Misconceptions

The thing is many people have been exposed to what I call “Hasty Religion”.  You could have been introduced to it at your neighborhood church, grandma’s church or a friend’s church. That hasty religion soon gets passed around and people apply it to their own lives.  For instance, someone does not know the real meaning and background of ADHD, they might hastily say “that person is rude” or “that child needs to be punished” or “the parents need to go to a parenting class”.  WRONG.

ADHD is not a behavioral disposition in either teenagers or adults.  This disorder is only diagnosed after many observations by teachers, parents, guardians or extended family are made of the teenager.  And the evaluations are not on behavior.  The evaluations are on items like can he sit still for a given time or she has problems organizing tasks.  Also, there are checklists that must be compared to see what types of symptoms are being exhibited.

In order to rule out any medical problems, medical evaluations such as vision and hearing tests are conducted as well.

“The symptoms are not the result of a person being defiant or hostile or unable to understand a task or instructions.”  American Psychiatric Association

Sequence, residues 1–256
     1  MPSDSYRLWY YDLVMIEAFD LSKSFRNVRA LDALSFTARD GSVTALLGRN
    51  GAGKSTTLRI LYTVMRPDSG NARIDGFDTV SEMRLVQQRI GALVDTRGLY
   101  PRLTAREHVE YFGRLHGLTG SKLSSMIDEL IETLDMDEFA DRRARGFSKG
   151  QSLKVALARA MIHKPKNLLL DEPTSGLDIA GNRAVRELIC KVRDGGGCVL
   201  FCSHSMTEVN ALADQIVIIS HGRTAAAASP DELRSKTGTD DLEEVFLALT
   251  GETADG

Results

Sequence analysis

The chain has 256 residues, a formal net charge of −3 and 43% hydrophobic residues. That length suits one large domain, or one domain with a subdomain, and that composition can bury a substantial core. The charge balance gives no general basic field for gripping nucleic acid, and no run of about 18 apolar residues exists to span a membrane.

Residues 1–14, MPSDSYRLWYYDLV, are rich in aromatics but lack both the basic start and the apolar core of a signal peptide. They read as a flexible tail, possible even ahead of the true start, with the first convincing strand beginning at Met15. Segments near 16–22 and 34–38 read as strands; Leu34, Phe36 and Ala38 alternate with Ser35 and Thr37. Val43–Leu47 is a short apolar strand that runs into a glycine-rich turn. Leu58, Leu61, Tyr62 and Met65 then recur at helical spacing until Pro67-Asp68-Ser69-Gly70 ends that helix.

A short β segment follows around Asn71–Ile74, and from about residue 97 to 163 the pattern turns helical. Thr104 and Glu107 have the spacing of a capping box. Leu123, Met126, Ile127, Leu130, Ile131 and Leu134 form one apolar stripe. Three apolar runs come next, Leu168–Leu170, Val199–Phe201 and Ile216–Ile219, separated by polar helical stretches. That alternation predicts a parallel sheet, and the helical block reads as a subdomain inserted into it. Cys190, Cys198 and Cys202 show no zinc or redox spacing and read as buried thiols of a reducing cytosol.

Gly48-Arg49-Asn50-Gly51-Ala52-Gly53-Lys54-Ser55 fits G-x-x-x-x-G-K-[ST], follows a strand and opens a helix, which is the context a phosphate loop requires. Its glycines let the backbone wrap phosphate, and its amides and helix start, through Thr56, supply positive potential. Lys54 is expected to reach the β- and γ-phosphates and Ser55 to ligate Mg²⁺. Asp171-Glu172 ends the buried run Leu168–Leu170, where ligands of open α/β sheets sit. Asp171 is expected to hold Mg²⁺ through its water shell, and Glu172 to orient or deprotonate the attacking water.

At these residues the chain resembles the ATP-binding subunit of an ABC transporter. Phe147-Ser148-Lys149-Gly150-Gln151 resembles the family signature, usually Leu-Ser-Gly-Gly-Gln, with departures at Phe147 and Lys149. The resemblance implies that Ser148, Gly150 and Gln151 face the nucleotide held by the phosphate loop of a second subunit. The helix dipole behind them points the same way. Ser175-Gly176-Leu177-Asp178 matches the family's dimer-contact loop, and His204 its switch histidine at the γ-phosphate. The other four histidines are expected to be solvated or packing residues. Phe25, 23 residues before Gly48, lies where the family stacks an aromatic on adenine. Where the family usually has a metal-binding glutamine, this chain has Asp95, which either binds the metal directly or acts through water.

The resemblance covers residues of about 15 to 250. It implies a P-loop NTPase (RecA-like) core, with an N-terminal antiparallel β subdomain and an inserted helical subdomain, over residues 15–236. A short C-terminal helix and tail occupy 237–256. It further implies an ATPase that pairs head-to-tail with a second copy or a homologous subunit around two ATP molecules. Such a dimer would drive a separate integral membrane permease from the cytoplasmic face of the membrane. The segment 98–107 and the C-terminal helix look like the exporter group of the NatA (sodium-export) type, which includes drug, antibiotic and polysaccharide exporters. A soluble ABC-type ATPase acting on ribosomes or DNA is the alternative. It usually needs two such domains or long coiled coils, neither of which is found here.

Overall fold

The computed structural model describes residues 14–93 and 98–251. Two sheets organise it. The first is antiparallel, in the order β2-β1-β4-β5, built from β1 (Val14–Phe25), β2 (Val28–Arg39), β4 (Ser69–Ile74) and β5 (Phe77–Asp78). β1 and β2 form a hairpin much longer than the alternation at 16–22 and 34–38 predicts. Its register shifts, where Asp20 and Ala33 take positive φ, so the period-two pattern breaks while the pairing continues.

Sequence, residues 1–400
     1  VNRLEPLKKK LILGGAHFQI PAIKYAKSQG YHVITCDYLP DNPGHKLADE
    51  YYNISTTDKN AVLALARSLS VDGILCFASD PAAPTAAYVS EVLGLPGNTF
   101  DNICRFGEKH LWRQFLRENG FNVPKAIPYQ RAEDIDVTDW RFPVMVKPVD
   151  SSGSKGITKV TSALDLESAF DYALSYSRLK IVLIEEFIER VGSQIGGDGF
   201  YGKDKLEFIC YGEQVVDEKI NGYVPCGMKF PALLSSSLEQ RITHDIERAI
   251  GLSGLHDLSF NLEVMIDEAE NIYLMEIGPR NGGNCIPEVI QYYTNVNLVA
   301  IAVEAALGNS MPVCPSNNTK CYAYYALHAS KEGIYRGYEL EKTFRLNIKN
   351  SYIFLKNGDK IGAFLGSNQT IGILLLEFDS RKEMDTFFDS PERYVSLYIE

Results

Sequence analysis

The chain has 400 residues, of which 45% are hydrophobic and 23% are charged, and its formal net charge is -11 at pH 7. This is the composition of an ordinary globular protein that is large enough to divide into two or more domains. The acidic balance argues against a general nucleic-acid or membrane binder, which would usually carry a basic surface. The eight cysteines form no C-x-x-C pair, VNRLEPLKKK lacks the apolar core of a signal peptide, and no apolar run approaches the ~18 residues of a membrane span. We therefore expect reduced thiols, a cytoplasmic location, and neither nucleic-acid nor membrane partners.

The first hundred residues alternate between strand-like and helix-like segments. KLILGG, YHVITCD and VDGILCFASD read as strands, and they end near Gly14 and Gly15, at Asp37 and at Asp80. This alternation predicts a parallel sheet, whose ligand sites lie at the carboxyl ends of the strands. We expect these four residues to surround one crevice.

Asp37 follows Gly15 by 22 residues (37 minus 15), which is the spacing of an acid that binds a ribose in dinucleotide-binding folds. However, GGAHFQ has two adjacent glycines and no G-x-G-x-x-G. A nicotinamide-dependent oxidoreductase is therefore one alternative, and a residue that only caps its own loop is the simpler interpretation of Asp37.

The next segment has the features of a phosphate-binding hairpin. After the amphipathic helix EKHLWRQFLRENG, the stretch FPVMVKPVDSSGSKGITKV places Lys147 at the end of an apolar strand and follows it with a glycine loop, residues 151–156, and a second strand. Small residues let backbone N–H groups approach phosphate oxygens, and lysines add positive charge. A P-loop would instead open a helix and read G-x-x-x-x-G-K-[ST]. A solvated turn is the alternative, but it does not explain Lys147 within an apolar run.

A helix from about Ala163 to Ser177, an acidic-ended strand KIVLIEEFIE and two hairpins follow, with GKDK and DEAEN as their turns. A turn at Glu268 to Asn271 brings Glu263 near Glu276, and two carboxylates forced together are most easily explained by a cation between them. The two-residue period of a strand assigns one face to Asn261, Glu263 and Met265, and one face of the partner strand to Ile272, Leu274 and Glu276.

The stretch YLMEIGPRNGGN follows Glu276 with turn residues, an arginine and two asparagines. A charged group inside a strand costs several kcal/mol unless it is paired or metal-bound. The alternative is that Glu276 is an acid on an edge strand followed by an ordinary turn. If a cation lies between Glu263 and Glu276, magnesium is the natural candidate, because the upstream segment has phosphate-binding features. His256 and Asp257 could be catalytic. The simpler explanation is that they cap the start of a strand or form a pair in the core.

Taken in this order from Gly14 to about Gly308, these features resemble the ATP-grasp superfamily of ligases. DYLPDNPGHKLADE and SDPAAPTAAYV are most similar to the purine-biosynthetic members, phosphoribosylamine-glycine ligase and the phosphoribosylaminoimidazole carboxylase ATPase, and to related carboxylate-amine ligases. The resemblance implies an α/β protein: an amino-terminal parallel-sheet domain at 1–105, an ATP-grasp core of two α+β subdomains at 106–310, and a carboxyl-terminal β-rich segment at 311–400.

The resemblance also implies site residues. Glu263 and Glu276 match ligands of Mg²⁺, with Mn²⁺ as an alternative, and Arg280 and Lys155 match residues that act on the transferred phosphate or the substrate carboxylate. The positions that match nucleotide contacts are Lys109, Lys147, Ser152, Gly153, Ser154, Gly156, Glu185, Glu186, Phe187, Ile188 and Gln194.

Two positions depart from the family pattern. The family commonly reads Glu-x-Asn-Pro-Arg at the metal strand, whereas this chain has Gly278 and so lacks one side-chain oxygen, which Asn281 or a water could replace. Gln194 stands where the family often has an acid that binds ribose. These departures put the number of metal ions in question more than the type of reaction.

religion and mental health
religion and mental health

My mood swings are not a result of sin

The sad thing is people who are unlike the rest of the community or have a mental illness do not even get through the door of the local churches.  Religious people see the mentally ill as having a spiritual problem, not a chemical imbalance or genetic predisposition.  It is also viewed as a punishment for sinful actions.

Conclusion

This link between mental illness, sin, and spirituality “isn’t really a Christian or religious idea,” says Amy Simpson, the author of Troubled Minds: Mental Illness and the Church’s Mission.

“It’s really rooted in superstition and a misunderstanding of what mental illness is,” said Simpson.

I would agree with those statements.  People will fill in the gaps of their knowledge with anything they want just so it will make “sense” in their minds.  And it does not matter if the information they are using to fill the holes is the truth.